Voluntary Quits Stayed Strong in January

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How many tech professionals quit their jobs in January?

According to new Job Openings and Labor Turnover Survey (JOLTS) data from the U.S. Bureau of Labor Statistics, some 534,000 professionals in the Professional and Business Services category (which includes technology jobs) voluntarily quit in January, down from 614,000 in December.

It’s worth noting that turnover in December was at its highest level since tracking began in 2002.

Many economists treat the level of voluntary quits as a measure of economic health, assuming that people are leaving their current employers in order to pursue better opportunities at other firms (or as freelancers). If the economy is weak, the thinking goes, people are less likely to quit their jobs; but when there’s substantial demand for professionals of all skill-sets and experience levels, those same people feel more confident about trying something new.

As indicated by Dice’s most recent Salary Survey, jumping jobs is also a good way for employees to rapidly boost their wages. Some 23 percent of respondents said that their most recent salary increase was due to changing employers, second only to merit increases (at 37 percent).

Voluntary quits have stayed high for the past several months, suggesting that the tech economy remains strong.

Image Credit: xtock/Shutterstock.com

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One Response to “Voluntary Quits Stayed Strong in January”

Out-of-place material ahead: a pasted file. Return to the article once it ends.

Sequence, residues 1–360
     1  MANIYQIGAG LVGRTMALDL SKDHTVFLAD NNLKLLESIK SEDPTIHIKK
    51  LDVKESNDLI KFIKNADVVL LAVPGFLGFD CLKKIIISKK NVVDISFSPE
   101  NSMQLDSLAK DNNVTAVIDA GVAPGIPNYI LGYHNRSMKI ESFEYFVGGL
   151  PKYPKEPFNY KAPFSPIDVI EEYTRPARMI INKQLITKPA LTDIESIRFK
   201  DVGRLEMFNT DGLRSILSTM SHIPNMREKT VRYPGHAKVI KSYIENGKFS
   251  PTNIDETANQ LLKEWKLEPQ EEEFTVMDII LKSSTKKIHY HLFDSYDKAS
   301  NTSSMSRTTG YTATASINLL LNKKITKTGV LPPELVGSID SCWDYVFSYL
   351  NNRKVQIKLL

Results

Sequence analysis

March 24, 2016 at 8:54 pm, ReVeLaTeD said:

“Voluntary quits have stayed high for the past several months, suggesting that the tech economy remains strong.”

And as I noted on the previous iteration of this illogical observation, this is faulty logic.

People don’t quit in a strong economy. They quit because of poor conditions. Either poor work/life balance, poor salary growth potential, or the employer simply making stupid decisions that hurt the company.

If you’re a web developer in a company that decides to do locally installed software, you’re not very valuable anymore, are you? You no longer match “the vision” and thus you quit.

If you’re a project manager making $80k at a company where the median is $100k, you’re not too valuable to that company, are you? You don’t match “the value” and thus you quit.

If you’re working at a company that has cut staff every quarter for 3 years, you’re clearly expendable too given time, aren’t you? You don’t match “the mission” and thus you quit before you get cut.

None of the above are signs of a strong economy. They’re indicators that the economy is weak. A strong economy is one where salaries require minimal-to-no negotiation to be “fair”, where layoffs are the exception rather than the rule, and where a person actually enjoys coming into work every day.

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